It is common for couples who have been married for many years to assign roles and responsibilities for the management of the household, and one of those roles is the management of the family’s finances. Although this is not always true, our experience is that most families appoint one spouse to act as “Chief Financial Officer” (CFO) of the household, while the other spouse is less involved (or in some cases, not involved at all).
The “Family CFO” is the person charged with writing checks, paying bills, filing tax returns, executing mortgage documents, applying for life insurance, executing wills and planning documents, making investment decisions, and communicating with the various advisors who may be assisting with these functions. Most often, this responsibility falls on the husband, while the wife manages other critical activities.
However, as we shared in our last post, most wives are likely to outlive their husbands, faced with a period of five or more years during which they may be responsible for managing their money. This can be an overwhelming change if they haven’t already taken an active role in their finances. Rather than delegating the Family CFO to one spouse or the other, we recommend that both spouses serve as the Family CFO. This helps to ensure joint decision making for outcomes that will affect the family for years to come, as well as helping to avoid potential challenges that may occur due to a lack of involvement.
For example, as we age, cognitive challenges may begin to surface. We may start to become more forgetful, have a harder time remembering details, and experience more difficulty keeping up with the volume of administration required in daily life, and particularly financial management. If both spouses are involved, it’s easier to mitigate such issues. If the husband has been solely responsible for the family’s finances, it can lead to their wives and children concerned about – or dealing with the ramifications of:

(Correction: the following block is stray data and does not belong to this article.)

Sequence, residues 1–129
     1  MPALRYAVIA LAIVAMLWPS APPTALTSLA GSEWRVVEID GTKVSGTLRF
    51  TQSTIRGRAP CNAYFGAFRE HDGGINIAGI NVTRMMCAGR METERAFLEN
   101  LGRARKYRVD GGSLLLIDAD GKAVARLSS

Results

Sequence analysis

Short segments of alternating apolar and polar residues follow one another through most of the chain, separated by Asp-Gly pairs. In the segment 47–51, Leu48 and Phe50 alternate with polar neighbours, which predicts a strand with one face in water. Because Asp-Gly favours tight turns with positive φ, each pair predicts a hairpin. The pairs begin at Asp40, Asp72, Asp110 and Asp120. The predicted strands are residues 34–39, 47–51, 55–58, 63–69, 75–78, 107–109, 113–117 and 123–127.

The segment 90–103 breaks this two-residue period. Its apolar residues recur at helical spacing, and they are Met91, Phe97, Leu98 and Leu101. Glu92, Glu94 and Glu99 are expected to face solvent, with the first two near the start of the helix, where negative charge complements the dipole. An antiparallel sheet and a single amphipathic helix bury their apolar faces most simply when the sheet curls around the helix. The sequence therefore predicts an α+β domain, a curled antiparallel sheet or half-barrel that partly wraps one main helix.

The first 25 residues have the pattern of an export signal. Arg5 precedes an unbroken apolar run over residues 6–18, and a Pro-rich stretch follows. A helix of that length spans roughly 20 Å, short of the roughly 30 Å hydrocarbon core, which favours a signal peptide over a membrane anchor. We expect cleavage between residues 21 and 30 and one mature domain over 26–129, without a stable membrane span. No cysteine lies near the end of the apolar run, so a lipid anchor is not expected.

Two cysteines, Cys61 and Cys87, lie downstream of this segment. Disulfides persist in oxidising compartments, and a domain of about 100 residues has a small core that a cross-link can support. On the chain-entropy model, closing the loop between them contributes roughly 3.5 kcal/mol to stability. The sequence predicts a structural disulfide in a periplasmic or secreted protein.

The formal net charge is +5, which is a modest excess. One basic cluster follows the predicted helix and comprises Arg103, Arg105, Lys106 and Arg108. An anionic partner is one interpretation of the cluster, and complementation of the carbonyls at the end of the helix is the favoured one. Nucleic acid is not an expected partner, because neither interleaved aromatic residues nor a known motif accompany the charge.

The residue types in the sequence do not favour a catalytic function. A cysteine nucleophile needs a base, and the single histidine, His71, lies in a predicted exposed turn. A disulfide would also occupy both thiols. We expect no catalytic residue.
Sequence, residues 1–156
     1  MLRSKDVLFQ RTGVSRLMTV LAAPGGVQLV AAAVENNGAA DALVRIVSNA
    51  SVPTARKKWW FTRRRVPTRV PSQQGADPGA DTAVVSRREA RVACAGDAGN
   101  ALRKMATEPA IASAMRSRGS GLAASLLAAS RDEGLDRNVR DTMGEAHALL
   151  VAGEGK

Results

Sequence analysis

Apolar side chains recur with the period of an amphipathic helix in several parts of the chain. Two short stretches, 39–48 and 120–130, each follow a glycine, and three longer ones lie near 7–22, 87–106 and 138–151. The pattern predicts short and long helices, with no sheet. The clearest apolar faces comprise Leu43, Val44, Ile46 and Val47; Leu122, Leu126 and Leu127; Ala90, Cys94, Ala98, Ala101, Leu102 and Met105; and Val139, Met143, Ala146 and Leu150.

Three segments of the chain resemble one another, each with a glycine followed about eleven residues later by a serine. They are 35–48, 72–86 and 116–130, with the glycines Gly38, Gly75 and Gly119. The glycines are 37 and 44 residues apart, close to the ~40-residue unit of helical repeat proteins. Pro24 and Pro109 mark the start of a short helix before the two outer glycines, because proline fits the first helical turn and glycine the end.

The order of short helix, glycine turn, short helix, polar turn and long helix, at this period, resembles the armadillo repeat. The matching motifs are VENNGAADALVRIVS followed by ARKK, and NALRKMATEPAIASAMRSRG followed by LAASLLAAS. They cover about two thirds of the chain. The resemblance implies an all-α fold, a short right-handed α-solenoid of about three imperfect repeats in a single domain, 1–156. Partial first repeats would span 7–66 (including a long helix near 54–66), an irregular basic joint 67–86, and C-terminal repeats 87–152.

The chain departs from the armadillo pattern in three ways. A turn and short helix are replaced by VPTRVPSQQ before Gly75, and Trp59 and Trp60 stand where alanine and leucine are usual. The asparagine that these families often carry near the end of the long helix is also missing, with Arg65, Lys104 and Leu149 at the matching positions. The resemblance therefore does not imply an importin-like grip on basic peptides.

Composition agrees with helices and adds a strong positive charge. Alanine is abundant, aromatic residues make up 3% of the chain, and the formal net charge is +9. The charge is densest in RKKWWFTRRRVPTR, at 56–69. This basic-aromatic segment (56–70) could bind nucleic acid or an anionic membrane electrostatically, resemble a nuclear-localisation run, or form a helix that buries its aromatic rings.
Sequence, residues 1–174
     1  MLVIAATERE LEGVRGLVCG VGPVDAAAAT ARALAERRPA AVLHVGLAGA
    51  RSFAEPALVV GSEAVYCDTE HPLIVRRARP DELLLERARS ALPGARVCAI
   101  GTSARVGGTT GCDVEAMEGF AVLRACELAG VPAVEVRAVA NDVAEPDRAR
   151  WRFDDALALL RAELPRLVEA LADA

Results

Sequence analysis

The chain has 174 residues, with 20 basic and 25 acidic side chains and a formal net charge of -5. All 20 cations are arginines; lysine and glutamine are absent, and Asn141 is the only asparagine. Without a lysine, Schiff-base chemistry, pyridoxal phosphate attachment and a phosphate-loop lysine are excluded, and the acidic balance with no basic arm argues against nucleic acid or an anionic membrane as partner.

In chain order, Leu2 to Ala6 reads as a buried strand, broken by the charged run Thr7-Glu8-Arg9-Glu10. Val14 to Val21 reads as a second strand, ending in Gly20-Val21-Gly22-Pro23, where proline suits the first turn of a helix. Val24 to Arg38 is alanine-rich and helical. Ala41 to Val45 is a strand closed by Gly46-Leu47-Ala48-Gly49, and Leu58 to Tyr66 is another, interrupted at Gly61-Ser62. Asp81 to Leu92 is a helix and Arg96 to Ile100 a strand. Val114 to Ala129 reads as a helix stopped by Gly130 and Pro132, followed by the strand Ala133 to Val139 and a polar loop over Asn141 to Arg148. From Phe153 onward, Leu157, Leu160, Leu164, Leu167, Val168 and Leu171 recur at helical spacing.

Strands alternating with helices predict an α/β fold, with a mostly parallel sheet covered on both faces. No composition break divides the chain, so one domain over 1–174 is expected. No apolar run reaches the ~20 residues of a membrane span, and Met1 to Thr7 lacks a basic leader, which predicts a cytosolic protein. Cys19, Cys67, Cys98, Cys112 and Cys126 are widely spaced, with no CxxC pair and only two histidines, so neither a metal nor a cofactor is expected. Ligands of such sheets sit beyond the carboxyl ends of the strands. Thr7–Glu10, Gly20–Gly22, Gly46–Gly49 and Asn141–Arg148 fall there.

- Cash management and checking account errors, including missing the payment of important bills, or perhaps making payments that were not required.
- Improper trading of brokerage accounts or inappropriate investment decisions.
- Missed tax filing deadlines, or errors in preparing returns
- The lack of adequate estate planning documents – or an inability to locate them.
Developing a trusted advisory relationship early on can also help with these issues. The importance of choosing trusted people to make decisions on your behalf, who have your best interests in mind, cannot be overemphasized. It is optimal to put these plans in place while your cognitive and physical functions are adequate and your desires can be communicated clearly. This will not only ensure comprehensive financial management support – filling in gaps related to wills, health care proxies, and powers of attorney – but it will also provide a supportive, knowledgeable advisor who will be there when you need them the most.
Financial management can be a particularly tricky topic for couples to discuss, but it is worthwhile to work together to achieve the future that you want. Talk to your spouse about how you can get more involved in your finances and work with your advisors to put a plan in place that makes the most sense for your financial situation and that will give you confidence and relieve stress related to your wealth. Open, regular communication can result in a stronger relationship and a happier retirement.